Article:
The record retention obligation applies to employers who are maintaining records of biological monitoring and medical examination results, including the results of temperature checks and COVID-19 testing, as well as responses to questions relating to symptoms of COVID-19.  Accordingly, if an employer is maintaining a record for the results of these types of precautionary screenings, the records must be retained for 30 years.  However, the record retention obligation does not apply when an employer does not maintain a record of the information.  For example, if an employer requires an employee to verbally confirm they do not have a fever before entering the workplace and the employer does not create a written record of this response, then there is no record that must be maintained.  Thus, employers should consider their ability to comply with OSHA’s record retention obligations when determining whether it is necessary and/or how to implement these types of medical screenings in the workplace.

Further Information

We will continue to monitor updates and publications from OSHA on requirements for employers and issues related to workplace health and safety.  Employers are encouraged to consult with a member of Peabody & Arnold’s COVID-19 Task Force for further information about the COVID-19 pandemic and its impact on employment laws.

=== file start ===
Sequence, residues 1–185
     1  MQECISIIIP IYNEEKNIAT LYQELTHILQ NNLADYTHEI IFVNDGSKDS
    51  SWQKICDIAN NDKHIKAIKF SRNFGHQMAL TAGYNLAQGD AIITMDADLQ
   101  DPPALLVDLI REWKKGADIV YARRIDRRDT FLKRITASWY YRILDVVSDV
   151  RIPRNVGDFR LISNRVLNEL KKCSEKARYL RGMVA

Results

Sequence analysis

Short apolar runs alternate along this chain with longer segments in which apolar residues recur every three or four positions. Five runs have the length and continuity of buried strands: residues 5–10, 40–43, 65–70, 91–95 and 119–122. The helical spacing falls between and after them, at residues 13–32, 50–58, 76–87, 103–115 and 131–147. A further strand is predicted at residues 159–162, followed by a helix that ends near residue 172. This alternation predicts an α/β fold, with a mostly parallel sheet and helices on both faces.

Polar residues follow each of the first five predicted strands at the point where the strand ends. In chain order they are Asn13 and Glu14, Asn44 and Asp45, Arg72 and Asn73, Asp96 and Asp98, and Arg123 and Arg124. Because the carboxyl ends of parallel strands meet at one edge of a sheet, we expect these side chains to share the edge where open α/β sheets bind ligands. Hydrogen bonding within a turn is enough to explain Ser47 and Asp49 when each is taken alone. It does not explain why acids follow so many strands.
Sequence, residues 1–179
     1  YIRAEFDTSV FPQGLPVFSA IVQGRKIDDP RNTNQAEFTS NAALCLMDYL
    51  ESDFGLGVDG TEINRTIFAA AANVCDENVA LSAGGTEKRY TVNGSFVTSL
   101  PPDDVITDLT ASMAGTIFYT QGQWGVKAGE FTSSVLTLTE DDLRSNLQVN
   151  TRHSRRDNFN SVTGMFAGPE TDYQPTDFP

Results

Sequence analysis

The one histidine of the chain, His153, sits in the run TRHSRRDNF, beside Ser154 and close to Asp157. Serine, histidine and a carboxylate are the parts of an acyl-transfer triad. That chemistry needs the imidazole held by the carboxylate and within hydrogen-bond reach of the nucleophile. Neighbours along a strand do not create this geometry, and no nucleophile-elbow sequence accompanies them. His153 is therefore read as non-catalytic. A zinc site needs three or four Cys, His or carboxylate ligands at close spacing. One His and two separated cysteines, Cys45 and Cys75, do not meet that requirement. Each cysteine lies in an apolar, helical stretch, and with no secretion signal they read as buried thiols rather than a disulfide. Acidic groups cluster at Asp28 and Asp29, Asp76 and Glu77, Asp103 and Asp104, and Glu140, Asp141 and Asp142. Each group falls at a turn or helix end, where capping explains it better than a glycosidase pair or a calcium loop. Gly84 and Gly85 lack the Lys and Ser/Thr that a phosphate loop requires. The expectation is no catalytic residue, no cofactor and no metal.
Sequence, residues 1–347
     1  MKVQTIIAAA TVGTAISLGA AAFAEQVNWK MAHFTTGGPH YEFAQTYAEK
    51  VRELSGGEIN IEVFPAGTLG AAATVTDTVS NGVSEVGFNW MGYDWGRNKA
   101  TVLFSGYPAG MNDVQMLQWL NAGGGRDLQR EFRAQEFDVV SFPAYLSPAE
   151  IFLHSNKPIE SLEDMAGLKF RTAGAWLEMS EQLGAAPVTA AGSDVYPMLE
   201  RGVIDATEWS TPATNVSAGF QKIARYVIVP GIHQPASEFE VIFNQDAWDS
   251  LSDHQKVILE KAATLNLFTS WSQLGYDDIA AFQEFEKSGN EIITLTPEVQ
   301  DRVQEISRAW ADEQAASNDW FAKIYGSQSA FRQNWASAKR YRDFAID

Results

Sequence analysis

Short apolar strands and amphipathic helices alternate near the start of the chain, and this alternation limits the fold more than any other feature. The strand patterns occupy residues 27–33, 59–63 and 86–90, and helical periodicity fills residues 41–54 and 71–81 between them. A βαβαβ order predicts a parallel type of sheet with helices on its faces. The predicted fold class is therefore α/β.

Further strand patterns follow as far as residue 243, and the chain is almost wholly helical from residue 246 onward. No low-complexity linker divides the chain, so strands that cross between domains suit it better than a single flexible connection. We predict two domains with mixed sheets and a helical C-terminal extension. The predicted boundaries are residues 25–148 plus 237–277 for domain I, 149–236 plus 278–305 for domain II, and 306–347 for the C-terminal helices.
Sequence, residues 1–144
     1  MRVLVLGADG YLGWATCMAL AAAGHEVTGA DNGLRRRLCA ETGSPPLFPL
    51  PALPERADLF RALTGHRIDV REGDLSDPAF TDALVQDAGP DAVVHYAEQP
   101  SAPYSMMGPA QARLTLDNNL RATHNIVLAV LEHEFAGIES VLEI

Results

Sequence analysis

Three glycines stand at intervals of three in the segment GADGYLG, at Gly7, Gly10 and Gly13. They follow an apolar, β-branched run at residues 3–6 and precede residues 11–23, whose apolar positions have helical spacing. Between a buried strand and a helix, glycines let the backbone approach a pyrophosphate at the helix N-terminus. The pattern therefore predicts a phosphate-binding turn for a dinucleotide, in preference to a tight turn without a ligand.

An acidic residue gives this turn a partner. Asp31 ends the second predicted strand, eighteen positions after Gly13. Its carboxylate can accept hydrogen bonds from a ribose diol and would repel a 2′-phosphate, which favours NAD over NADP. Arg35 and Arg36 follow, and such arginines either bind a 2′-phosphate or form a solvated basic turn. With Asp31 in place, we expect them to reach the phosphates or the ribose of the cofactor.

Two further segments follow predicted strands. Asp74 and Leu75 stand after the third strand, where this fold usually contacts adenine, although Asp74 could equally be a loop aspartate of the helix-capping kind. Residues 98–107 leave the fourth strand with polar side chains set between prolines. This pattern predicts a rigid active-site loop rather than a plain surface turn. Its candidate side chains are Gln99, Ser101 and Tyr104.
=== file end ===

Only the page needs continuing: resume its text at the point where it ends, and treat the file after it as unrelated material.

[1] A “confirmed case” of COVID-19 refers to individuals who have at least one respiratory specimen that tested positive for SARS-CoV-2, which is the name of the virus that causes COVID-19.  For more information about confirmed cases, please visit the CDC’s website.

[2] An employer must also consider a case recordable if it involves a significant injury or illness diagnosed by a physician or other licensed health care professional, even if it does not meet one of the aforementioned criteria.  See 29 C.F.R. § 1904.7.

[3] The employer obligation to retain employee exposure and medical records is set forth at 29 C.F.R. § 1910.1020.